John and Gerry's    Orchids of Britain and Europe
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Ophrys aurelia

O. aurelia was first described from Genoa (Italy) in 1989 and it takes its name from the celebrated ancient Roman highway, the Via Aurelia, from which it also derives its common name of the Via Aurelia Ophrys. It is a member of the ten strong, southern European O. bertolonii group.

This is an extremely rare orchid, largely confined to the hills and mountains of the Mediterranean hinterland from Bouches-du-Rhone in France, to the north west coast of Italy. Its precise distribution is not known with certainty and this position is further complicated by the presence of several similar species within its range. O. bertolonii, O. saratoi, O. magniflora (O. catalaunica) and O. drumana all exhibit an overlap with O. aurelia in some parts of its territory, thus causing potentially significant difficulties with identification.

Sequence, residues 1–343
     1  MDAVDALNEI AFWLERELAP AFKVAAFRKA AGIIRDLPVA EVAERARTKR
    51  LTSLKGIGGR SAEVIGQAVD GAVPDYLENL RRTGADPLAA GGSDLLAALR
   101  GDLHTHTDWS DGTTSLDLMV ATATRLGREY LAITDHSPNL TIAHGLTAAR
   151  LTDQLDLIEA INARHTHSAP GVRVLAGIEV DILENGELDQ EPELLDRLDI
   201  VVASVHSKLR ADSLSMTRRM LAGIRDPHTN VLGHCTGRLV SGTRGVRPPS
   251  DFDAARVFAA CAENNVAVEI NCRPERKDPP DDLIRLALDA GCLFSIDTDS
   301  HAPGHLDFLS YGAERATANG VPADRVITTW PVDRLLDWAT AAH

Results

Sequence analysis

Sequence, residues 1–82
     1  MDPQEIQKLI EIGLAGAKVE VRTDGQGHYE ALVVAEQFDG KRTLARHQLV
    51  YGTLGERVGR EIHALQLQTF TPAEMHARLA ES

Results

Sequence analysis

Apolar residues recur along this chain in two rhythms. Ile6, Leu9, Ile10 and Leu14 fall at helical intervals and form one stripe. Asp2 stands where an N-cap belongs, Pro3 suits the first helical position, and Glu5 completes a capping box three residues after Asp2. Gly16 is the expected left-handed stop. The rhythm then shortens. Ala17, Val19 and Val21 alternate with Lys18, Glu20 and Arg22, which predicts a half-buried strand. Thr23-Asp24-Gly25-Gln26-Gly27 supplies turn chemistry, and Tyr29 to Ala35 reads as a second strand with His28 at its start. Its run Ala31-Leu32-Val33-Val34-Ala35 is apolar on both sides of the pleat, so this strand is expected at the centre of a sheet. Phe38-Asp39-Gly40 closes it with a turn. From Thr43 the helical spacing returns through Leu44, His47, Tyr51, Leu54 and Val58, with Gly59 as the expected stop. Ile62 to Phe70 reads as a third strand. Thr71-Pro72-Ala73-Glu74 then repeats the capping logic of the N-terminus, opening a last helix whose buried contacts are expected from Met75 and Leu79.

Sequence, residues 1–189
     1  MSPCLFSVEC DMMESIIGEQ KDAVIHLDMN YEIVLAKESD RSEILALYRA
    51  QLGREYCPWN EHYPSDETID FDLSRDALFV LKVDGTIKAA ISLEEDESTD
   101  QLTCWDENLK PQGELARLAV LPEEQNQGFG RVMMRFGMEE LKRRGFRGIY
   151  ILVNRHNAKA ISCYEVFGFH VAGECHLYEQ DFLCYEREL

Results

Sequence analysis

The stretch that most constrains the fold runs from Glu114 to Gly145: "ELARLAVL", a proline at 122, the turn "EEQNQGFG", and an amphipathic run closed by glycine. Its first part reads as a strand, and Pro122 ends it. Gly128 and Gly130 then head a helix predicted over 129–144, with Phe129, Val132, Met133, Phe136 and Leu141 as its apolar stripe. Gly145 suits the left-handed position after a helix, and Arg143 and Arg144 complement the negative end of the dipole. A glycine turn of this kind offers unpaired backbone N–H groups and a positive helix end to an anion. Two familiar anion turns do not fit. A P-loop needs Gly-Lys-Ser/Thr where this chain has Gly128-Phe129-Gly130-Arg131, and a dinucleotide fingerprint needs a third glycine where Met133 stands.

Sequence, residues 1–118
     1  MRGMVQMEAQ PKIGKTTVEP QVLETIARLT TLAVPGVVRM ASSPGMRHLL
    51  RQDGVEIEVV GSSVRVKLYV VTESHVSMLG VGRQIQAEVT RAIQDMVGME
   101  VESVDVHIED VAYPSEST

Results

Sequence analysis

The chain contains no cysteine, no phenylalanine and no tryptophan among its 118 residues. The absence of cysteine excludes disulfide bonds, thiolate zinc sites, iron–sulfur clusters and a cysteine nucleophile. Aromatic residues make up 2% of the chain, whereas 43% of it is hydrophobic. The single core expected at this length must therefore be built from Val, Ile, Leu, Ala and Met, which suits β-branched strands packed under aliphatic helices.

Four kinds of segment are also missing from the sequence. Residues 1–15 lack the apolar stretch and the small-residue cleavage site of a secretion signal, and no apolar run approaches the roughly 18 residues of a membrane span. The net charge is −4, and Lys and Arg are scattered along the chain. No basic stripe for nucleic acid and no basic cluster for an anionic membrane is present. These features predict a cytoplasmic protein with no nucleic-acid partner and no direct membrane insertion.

Perhaps the key characteristic of this species is its size and although some of the aforementioned species can very occasionally reach a height of 30cms, O. aurelia routinely exceeds this, up to a maximum of 40cms. As well as its height, it is a robust plant with large flowers that tend to be more intensely coloured than the other group members with which it may be found.

The precise taxonomic status of this plant is a point of disagreement among experts, with some declining to accept any separation from the similar O. catalaunica and O. magniflora, considering them all to be geotypes of the same species. Molecular analysis may soon settle the argument but their is little doubt that morphologically, O. aurelia is, as has already been mentioned, a noticeably more robust plant with deeper colouration. The photographs come from Var and date from the second week of May.